Bellflower, 20 Days of Jail Modified to Community Service

Our client was charged with a single misdemeanor count of Penal Code Section 243(e)(1), battery on a spouse. 

The alleged incident involved a domestic dispute wherein our client dragged his spouse from a floor-level mattress about ten feet across a smooth floor.  The alleged victim had no injuries, but was scared, so she summoned the police to the house.  The police then removed our client from the house.
Summary:  Bellflower, Client Angrily Drags Wife Across Floor, Initial Offer Is 20 Days of Jail, Hires Greg Hill & Associates, Jail Reduced to Community Service
The wife had no family in the United States, as she and her husband has an arranged marriage and came to the U.S. for a better life.  The marriage was strained by the financial demands of raising a child and the highly competitive field our client, her husband, worked within.  It was not as easy as they expected.

Our client, who had no prior criminal record, immediately signed up for anger management courses after retaining Greg Hill and Associates.

The case was somewhat complicated because our client was subject to a mandatory domestic violence protective order and wished to have continued contact with his ten year old son.  His wife also sought a divorce and was intent on making our client’s life as difficult as she could.  The alleged incident was only a very small event in the grand scheme of things, it was quite obvious.

The District Attorney expressed sympathy for the case, but her first offer was twenty days of jail, fifty-two weeks of batterer’s program classes (one class per week), a $400 contribution to a battered women’s shelter, and 36 months of summary probation.  The classes and jail were a problem because our client traveled frequently out of the country for work.  The offer was rather severe because, the prosecutor noted, our client dragged his wife the short distance with their son present.  This lack of hesitation to act was troubling to the prosecutor. 

Our client’s main attention was on the divorce and the ramifications the case would have on his ability to simply get closure on it.

Due to the relationship between the so-called victim and our client and the minimum punishments allowed under Section 6211 of the Family Code and Penal Code section 1203.097, we could not decrease the 52 weeks of batterer’s program classes, as they are mandatory under California law.  The $400 contribution to a battered women’s shelter (this rose to $500 in 2014) was also non-negotiable because it was set by law in any case involving domestic violence.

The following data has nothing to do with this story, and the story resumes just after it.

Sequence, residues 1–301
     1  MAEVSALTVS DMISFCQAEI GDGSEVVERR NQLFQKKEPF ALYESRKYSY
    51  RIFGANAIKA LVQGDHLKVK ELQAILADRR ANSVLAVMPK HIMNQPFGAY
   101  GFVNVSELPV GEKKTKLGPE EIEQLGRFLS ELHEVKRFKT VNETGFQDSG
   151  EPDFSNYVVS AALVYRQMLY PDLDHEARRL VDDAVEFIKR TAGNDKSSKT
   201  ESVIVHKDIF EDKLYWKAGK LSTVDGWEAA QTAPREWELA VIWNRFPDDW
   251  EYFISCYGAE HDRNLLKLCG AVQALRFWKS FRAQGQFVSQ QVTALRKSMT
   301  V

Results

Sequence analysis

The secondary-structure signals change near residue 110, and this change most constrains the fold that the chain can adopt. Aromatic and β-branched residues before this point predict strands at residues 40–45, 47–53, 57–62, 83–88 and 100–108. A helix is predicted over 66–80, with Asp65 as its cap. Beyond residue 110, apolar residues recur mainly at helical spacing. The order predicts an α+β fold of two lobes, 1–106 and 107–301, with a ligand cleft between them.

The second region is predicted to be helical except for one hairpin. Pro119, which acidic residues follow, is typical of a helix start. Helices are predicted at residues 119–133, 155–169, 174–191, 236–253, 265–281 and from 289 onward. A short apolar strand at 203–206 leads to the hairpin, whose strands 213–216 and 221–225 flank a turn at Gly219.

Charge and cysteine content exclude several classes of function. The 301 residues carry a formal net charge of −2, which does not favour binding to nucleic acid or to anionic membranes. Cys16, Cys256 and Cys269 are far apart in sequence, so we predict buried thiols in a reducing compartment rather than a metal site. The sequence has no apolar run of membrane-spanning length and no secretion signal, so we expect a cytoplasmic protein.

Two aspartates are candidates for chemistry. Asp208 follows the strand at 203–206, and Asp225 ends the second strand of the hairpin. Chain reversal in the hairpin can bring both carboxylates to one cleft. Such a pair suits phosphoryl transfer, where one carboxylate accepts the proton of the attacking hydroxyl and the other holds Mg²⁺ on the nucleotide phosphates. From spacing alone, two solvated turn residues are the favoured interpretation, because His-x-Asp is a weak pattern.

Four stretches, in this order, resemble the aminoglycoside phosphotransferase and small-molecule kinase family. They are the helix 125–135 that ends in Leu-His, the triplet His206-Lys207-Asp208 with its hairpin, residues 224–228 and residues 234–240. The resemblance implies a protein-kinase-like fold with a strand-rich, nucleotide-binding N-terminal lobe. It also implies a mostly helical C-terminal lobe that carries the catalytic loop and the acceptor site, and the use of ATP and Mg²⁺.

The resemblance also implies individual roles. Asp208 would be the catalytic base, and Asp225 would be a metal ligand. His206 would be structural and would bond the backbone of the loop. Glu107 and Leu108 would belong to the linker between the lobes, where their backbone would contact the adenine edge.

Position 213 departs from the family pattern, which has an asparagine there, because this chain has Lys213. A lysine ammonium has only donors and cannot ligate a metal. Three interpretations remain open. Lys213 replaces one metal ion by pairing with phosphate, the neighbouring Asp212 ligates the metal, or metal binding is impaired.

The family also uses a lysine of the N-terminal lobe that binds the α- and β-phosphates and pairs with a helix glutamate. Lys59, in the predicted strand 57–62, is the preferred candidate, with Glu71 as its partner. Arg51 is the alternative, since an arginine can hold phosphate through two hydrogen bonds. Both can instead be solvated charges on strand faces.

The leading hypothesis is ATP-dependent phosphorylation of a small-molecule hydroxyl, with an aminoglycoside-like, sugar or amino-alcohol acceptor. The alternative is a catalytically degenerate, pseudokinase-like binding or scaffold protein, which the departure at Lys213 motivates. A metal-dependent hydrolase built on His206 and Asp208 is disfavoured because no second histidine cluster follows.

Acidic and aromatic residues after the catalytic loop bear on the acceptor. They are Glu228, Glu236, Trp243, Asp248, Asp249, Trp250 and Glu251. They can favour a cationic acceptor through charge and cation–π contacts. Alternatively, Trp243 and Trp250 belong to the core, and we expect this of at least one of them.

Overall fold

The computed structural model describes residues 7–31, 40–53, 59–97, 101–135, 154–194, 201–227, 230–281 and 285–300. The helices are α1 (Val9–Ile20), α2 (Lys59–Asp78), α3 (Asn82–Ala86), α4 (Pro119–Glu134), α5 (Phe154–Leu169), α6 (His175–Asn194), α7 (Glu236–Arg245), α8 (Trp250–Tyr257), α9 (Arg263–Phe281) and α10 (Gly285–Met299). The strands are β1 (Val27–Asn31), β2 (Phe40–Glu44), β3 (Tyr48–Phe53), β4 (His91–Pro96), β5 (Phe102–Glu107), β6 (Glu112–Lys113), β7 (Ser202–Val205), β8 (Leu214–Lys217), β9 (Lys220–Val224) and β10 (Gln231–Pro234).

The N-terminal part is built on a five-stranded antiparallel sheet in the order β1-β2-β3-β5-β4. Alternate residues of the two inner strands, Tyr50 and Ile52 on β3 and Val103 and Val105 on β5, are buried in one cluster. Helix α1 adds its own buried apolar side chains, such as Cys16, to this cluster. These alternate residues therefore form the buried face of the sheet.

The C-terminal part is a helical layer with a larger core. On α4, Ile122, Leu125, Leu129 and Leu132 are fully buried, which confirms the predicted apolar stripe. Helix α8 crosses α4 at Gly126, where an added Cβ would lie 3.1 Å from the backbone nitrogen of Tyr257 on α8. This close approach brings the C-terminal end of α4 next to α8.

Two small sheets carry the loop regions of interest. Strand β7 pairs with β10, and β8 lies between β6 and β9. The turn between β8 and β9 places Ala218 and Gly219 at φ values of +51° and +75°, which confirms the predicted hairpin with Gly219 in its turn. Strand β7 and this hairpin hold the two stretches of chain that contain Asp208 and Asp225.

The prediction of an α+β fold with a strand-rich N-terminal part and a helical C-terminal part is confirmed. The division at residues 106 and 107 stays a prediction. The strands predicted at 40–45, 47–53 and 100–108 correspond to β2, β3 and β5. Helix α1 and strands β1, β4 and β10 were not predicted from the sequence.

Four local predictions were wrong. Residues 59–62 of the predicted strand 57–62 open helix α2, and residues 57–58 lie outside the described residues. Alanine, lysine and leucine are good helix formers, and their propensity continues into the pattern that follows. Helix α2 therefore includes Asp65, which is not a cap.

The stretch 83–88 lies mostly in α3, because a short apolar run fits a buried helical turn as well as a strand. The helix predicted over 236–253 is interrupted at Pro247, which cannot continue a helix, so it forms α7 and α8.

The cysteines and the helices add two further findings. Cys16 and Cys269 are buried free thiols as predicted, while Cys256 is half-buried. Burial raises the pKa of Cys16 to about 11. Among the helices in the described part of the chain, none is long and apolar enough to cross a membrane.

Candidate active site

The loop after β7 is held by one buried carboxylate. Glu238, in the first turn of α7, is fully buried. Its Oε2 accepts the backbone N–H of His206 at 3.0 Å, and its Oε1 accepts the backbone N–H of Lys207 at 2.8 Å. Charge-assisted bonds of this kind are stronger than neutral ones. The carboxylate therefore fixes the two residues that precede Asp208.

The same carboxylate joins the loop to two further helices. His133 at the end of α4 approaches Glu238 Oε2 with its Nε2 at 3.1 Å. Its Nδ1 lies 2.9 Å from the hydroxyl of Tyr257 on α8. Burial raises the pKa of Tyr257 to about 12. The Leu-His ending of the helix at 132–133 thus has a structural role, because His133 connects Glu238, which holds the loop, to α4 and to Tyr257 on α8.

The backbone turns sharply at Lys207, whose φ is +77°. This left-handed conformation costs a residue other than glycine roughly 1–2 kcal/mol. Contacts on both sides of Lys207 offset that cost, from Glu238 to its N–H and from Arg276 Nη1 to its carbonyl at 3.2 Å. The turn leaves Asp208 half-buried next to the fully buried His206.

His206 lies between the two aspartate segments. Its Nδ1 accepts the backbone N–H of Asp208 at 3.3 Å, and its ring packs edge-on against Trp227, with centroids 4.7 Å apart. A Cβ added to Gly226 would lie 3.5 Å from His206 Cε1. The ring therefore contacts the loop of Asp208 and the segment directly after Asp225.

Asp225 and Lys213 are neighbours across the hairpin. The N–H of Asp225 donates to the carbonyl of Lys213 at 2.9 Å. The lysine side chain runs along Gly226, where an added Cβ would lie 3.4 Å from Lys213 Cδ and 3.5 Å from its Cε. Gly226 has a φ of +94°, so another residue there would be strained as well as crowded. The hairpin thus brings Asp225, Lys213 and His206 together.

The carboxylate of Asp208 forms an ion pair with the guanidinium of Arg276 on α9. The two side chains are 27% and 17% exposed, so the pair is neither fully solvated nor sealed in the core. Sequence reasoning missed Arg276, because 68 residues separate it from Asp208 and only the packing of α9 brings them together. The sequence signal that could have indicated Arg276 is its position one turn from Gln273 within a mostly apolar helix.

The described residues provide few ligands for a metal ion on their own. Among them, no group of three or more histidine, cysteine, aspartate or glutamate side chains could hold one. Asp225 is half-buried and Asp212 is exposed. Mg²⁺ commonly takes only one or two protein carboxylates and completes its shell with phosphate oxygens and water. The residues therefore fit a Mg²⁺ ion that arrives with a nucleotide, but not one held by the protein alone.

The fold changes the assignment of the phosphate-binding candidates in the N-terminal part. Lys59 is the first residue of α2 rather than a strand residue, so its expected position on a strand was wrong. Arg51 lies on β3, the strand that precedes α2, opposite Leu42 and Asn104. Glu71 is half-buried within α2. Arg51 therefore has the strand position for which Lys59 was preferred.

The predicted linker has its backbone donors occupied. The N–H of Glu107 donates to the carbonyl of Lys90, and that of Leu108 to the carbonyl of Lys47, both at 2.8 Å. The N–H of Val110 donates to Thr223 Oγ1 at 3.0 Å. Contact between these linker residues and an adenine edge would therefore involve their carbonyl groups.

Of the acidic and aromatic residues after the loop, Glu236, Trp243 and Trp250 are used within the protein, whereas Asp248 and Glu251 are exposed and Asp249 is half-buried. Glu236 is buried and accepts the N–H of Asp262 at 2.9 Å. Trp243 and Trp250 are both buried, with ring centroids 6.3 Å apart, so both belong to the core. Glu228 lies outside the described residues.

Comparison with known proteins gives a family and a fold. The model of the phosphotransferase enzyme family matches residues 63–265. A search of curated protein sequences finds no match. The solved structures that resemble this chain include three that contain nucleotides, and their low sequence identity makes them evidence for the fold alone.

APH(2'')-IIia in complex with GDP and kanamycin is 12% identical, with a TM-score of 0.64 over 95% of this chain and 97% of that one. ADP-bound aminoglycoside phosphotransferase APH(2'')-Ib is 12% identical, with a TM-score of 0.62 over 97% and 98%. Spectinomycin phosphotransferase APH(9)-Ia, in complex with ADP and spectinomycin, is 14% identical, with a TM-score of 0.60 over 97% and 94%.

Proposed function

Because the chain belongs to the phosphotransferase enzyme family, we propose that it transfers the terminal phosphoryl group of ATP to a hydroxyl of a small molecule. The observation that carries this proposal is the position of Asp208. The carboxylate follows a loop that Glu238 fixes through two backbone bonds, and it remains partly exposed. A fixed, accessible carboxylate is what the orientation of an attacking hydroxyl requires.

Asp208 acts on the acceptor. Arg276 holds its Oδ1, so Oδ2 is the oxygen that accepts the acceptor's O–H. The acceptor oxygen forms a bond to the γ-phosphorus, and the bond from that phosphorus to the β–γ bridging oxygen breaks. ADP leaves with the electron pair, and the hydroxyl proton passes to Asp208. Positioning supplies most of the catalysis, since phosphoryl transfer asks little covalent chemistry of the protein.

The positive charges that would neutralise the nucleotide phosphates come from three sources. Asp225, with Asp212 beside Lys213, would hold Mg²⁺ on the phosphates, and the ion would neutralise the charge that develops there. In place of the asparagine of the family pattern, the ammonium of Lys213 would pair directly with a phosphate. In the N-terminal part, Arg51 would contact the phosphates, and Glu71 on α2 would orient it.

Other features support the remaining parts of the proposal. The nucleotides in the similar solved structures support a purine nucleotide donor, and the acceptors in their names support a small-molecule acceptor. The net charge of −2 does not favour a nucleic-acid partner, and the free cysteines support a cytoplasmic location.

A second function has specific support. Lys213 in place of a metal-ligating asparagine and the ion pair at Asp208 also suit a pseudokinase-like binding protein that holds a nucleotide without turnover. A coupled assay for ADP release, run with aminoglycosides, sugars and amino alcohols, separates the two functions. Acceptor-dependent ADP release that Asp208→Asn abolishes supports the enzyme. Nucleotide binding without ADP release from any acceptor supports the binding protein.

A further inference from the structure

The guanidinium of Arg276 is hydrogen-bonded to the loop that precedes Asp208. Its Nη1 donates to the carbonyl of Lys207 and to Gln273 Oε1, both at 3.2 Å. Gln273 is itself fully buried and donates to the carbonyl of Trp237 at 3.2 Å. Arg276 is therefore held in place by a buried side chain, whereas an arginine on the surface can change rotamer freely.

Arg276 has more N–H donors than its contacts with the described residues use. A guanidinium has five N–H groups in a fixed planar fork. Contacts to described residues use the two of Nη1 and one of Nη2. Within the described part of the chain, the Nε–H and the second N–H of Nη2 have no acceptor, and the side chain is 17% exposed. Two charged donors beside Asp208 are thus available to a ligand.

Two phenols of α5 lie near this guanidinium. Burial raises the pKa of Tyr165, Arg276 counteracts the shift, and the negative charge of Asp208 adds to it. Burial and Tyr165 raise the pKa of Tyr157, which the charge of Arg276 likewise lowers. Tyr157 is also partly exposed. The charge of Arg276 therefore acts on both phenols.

However, Greg Hill negotiated with the judge, with the DA present, to allow our client a flexible schedule to accommodate his travel demands.  Greg Hill also negotiated a modification of the restraining order and had the twenty days of jail reduced to ten and then to ten days of community labor. 

Community labor, it should be noted, means different things in different courts.  However, it can mean the worst forms of labor, i.e. cleaning up homeless encampments alongside a freeway or along a flood control channel.  It can also mean graffiti removal, picking up trash or gardening in a city park. 

Our client was happy with the plea bargain reached.  Had he fought his case at trial and been found guilty of all charges, he faced a maximum of one year in jail and/or a $2,000 fine.

For more information about domestic violence in general, click on the following articles:
  1. Criminal Protective Order in Domestic Violence Case Is Improper When It Bars Father from Contacting His Kids, Who Were Not Victims in the Case
  2. Immigration Consequences of a Conviction for Domestic Violence
  3. What Punishment Do I Face for Domestic Violence?
Watch our Video about Domestic Violence by clicking here.

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Thank you so much for putting so much effort in this case. We really appreciate it and we are happy that all turned out well.
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Greg Hill did an outstanding job on every level. He was efficient, thorough, knowledgeable, courteous, responsive & brilliant. He welcomed my input and my concerns. . . from the first conversation to the last - I always felt 'it mattered' to him.
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Thanks again for your hard work. We want you to know that we are very appreciative of all that you have done [on our son's] behalf. With warmest regards,
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